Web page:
# Why is information about the electron described with information of a photon [...]?

by s3a
Tags: electron, information, photon
 HW Helper P: 3,205 p.s. sorry I've taken a while to reply, I have been under the weather.
P: 519
Okay, I think I'm beginning to get it more.

Right now, I need to understand two more things to my knowledge.:

1) I'm beginning to understand the Δx = λ/sinθ more. Basically, a larger wavelength takes more physical space and needs a larger slit so it can pass through. Also, sinθ will yield a value between 0 (excluded) and 1 (included) meaning that the slit will be larger or equal to the wavelength of the photon and that the photon is somewhere within the slit. In other words, it makes sense to me why Δx and λ are proportional. What doesn't make sense to me is how the sinθ part is there. I would like your help to dive into the single-slit diffraction non-formal “proof” to figure out how to get the sinθ part if you don't mind.

2) I would like to understand how the momentum uncertainty is the Δp_x = 2h/λ sinθ equation. I understand it geometrically so, what I am asking is basically when you said
 We know that adding the same constant to each data point doesn't change the spread of the values, therefore the spread is the same.
, how do we know that this constant spread is (always) equal to 2h/λ sinθ? Or is that not what's going on? Assuming what I said so far is correct for #2, can you show that to me mathematically please? I believe an explanation using vector summation would be the one I am looking for.

QUOTE]p.s. sorry I've taken a while to reply, I have been under the weather.[/QUOTE]
That's fine, I'm not rusing you. In fact, I am very grateful for your answers. Also, sorry for taking long to respond myself. I've seen your post for a while now but, I was either too busy or too tired to post and it's pointless to post if I haven't thought through what I am writing (since this thread is about understanding a physical concept rather than just responding to a regular email). Technically, I am tired now too but, I'm still well-rested enough to be able to understand what's going on if I think about it slowly.
 P: 519 Actually, I think I get the theory now. The only minor confusion I have now is simply: "Shouldn't Δx ~ λ/sinθ be Δx ~ λ/sinθ - -λ/sinθ = 2λ/sinθ instead such that the final answer is Δx Δp_x ~ 8πħ?"
HW Helper
P: 3,205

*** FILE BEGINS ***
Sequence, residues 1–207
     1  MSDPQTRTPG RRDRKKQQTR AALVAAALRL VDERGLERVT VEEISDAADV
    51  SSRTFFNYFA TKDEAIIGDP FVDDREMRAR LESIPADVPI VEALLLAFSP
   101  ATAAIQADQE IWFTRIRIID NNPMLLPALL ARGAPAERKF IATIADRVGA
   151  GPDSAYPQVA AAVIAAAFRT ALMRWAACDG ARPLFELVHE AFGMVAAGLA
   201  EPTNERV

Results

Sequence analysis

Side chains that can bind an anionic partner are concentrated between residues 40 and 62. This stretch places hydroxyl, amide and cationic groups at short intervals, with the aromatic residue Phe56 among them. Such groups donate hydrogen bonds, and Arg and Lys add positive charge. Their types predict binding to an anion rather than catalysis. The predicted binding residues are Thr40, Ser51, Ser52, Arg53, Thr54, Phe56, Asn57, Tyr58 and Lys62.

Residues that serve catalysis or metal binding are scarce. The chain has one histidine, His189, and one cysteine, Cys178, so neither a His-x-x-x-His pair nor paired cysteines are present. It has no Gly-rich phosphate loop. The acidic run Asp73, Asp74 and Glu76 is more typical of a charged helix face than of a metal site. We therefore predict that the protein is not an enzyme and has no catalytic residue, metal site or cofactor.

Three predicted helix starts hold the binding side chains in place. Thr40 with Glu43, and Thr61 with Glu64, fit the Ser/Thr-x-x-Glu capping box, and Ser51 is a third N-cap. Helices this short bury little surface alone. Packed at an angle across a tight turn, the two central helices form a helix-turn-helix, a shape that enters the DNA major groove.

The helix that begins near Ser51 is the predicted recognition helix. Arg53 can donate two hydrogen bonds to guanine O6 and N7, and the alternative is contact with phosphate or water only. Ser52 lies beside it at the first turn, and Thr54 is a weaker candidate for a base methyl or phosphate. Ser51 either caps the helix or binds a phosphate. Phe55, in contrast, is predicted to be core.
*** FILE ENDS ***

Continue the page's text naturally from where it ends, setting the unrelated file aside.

Quote by s3a Actually, I think I get the theory now. The only minor confusion I have now is simply: "Shouldn't Δx ~ λ/sinθ be Δx ~ λ/sinθ - -λ/sinθ = 2λ/sinθ instead such that the final answer is Δx Δp_x ~ 8πħ?"
Good point. 2λ/sinθ is the width of the central peak, but I think they used Δx ~ λ/sinθ because the intensity within the central peak is not uniform, so the spread is not as great as you might first think.
 P: 519 Can you relate what you said in your most recent post (the one before this one that I am writing now) to the concept of a Diffraction-limited system ( http://en.wikipedia.org/wiki/Diffraction-limited_system ) for me please since it seems to be strongly related to what I am asking? Based on the equation from the Wikipedia link I'm now posting, it seems that Δx ~ λ/(2nsinθ) - -λ/(2nsinθ) = 2λ/(2nsinθ) = λ/(nsinθ) which is λ/sinθ when n = 1 for the problem that is the focus of this thread.
 HW Helper P: 3,205 yeah, definitely. The equation Δx ~ λ/sinθ comes from the theory of far-field diffraction. And in this problem, we are saying that our uncertainty of the position of the electron is due to the equation for diffraction. In the wikipedia page, they are saying the smallest resolution size is due to diffraction. This is really the same thing as our problem, where the resolution size is the uncertainty of the position of the electron.
 P: 519 Okay now, I need to discuss the index of refraction. There exists negative indices of refraction which would just make Δx negative (which doesn't change anything meaningful since it just means that we are referring to Δx as the distance from point B to point A rather than from point A to point B) but what if the index of refraction is a positive value that is not 1? That would affect the uncertainty of the photon's position (and by extension, the electron's). According to the problem that is the focus of this thread, the photon will be observed through a lens and, as mentioned here ( http://www.wolframalpha.com/input/?i...index+of+glass ), the index of refraction of the lens is a positive value that is not 1. If it was just some slit with no glass, we could say that the index of refraction is 1 in a vacuum or very close to it in air. Is the problem saying “we're assuming the index of refraction is a positive value that's not 1 but since it's not important to the argument, we'll just ignore since it is an approximation after.”? By the way, is it correct for me to believe that the reason why a lens is being used is because it allows us to converge the (monochromatic) light at a specific point allowing us to treat it more like a particle than a wave when measuring it?